The small town rivalry between a garrison of State Troopers and the local police comes to a head when State budget woes says one of them has to go. And to try and one up each other, these warring factions compete to solve a murder and bust up a drug smuggling ring to prove who's more worthy.
Jay Chandrasekhar, Steve Lemme, Kevin Heffernan, Paul Soter and Erik Stolhanske first teamed up at Colgate College in 1989, and honed their sketch comedy skills in a student film, The Tinfoil Monkey Agenda, and that cemented their course in feature film making. Taking the name Broken Lizard, the group's first effort, Puddle Cruiser, focused its comedic eye on college life, and proved such a big hit on their college tour more investors came forward to help finance their next feature, Super Troopers.
The overall storyline is basically irrelevant as the film is more of a throwback to the comedies of my youth, like Caddyshack and Strange Brew, where the plot exists solely to string together several comedic sketches, vignettes and scenes that showcases the cast, who all perform beautifully. The Troopers, Thorny (Chandrasekhar), Mac (Lemme) and Foster (Soter), are more concerned with personal antics like tormenting speeders, hazing their rookie, Rabbit (Stolhanske), and playing pranks on the surly dope, Farva (Heffernan), then solving any real crimes. At the eye of this comedic storm, and the rock that holds the film together, is Brian Cox's Captain O'Hagen, who tries but mostly fails to keep them in line. His men's antics are lewd, crude and [nearing the borderline of] socially unacceptable, but the characters lack the mean-spiritedness that permeates most frat-boy-fueled comedies these days. I don't know. All the humor in comedy lately seems to be grounded in bodily fluids, demeaning others, and a general meanness that spawned a new genre that someone else so rightfully dubbed [-- but I wished I had, dammit]: When bad things happen to Ben Stiller's privates. It's a cheap laugh, but a laugh nonetheless. These films are funny, sure; they just aren't that funny in my book.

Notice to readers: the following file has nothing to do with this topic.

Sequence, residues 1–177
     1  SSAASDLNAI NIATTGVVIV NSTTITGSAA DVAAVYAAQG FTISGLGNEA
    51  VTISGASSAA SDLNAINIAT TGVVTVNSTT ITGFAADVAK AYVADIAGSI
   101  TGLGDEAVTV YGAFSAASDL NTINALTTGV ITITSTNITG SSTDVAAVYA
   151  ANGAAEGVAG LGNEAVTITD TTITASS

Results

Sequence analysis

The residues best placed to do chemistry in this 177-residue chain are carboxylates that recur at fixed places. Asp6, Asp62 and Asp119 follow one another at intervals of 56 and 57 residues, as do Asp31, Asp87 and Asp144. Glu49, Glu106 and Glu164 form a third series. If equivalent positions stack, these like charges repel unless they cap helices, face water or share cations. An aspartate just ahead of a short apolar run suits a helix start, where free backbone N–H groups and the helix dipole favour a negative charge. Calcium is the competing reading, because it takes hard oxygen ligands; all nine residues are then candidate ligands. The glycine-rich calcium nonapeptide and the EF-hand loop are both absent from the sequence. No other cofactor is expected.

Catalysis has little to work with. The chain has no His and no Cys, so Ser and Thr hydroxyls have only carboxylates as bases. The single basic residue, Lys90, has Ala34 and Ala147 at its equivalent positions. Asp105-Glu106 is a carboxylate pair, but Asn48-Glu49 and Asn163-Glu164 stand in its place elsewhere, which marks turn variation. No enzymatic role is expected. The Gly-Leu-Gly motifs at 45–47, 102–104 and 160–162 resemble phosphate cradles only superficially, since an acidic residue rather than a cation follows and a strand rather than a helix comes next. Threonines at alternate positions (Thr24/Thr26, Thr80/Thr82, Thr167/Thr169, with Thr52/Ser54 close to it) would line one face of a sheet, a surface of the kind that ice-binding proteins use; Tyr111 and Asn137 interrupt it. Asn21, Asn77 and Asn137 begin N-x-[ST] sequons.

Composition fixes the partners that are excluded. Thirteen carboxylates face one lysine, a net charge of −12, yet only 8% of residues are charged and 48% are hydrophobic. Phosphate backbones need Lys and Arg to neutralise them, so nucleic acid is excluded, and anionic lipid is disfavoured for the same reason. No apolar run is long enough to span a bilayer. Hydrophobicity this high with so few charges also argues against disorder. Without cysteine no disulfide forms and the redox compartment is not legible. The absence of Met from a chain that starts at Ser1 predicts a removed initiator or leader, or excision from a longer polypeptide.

When Super Troopers premiered to rave reviews at The Sundance Film Festival, it was quickly snatched up by Fox Searchlight Pictures for general release. It had a modest box office return but would go on to be a sleeper hit on home video, where it soon exploded into one of the most quotable comedies of the Aughts. And the studio was so impressed they signed Broken Lizard to a multi-picture deal, leading to the release of Club Dread, which, when I saw it on the day it opened, made me wonder if these bunch of comedians realized they were making the most effective giallo in years? Alas, Club Dread fizzled at the box office, and I'll admit that Beefest was disappointing at first encounter but seems to be improving with age -- and is worth the price of a rental for the frog gag alone. Which brings us to the recently released Slammin' Salmon, whose trailer, frankly, made me retreat to the nearest corner with my Super Troopers DVD tightly clasped to my chest to weep silently for awhile.
But then again, Super Troopers took me by surprise because I wasn't expecting that much from it, either so I'll still hold out some hope. In all of the Broken Lizard's films, the humor is far from sophisticated but the troupe proves adept at the right balance between absurd, witty, sublime, and clever, and yes, rolling around in the gutter. And like those other famous comedies of my youth, I can watch this film, again and again; laugh at the same bits, again and again, forever; and not get tired of it one bit; epitomized by one of my favorite lines that needs to go down as the greatest piece of dialogue in the history of cinema:
Do You need assistance?"